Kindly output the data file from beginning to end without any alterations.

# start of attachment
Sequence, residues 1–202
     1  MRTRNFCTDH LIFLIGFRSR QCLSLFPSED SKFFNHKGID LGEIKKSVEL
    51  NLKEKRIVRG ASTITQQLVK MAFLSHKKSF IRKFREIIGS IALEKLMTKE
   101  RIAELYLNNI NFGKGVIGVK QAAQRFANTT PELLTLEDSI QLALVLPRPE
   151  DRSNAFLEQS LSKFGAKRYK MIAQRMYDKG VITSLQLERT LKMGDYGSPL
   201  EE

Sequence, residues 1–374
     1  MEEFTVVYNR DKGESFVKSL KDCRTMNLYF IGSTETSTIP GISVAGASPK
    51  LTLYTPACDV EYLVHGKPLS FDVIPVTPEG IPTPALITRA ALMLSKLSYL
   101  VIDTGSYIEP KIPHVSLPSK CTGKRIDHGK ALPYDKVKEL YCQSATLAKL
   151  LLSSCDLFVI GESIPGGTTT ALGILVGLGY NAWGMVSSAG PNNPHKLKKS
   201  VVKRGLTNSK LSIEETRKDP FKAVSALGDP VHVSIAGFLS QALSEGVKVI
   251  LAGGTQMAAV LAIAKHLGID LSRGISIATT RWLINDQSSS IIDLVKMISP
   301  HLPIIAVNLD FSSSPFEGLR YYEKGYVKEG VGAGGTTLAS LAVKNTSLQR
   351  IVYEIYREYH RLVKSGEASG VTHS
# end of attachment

Sequence, residues 1–202
     1  MRTRNFCTDH LIFLIGFRSR QCLSLFPSED SKFFNHKGID LGEIKKSVEL
    51  NLKEKRIVRG ASTITQQLVK MAFLSHKKSF IRKFREIIGS IALEKLMTKE
   101  RIAELYLNNI NFGKGVIGVK QAAQRFANTT PELLTLEDSI QLALVLPRPE
   151  DRSNAFLEQS LSKFGAKRYK MIAQRMYDKG VITSLQLERT LKMGDYGSPL
   201  EE

Sequence, residues 1–374
     1  MEEFTVVYNR DKGESFVKSL KDCRTMNLYF IGSTETSTIP GISVAGASPK
    51  LTLYTPACDV EYLVHGKPLS FDVIPVTPEG IPTPALITRA ALMLSKLSYL
   101  VIDTGSYIEP KIPHVSLPSK CTGKRIDHGK ALPYDKVKEL YCQSATLAKL
   151  LLSSCDLFVI GESIPGGTTT ALGILVGLGY NAWGMVSSAG PNNPHKLKKS
   201  VVKRGLTNSK LSIEETRKDP FKAVSALGDP VHVSIAGFLS QALSEGVKVI
   251  LAGGTQMAAV LAIAKHLGID LSRGISIATT RWLINDQSSS IIDLVKMISP
   301  HLPIIAVNLD FSSSPFEGLR YYEKGYVKEG VGAGGTTLAS LAVKNTSLQR
   351  IVYEIYREYH RLVKSGEASG VTHS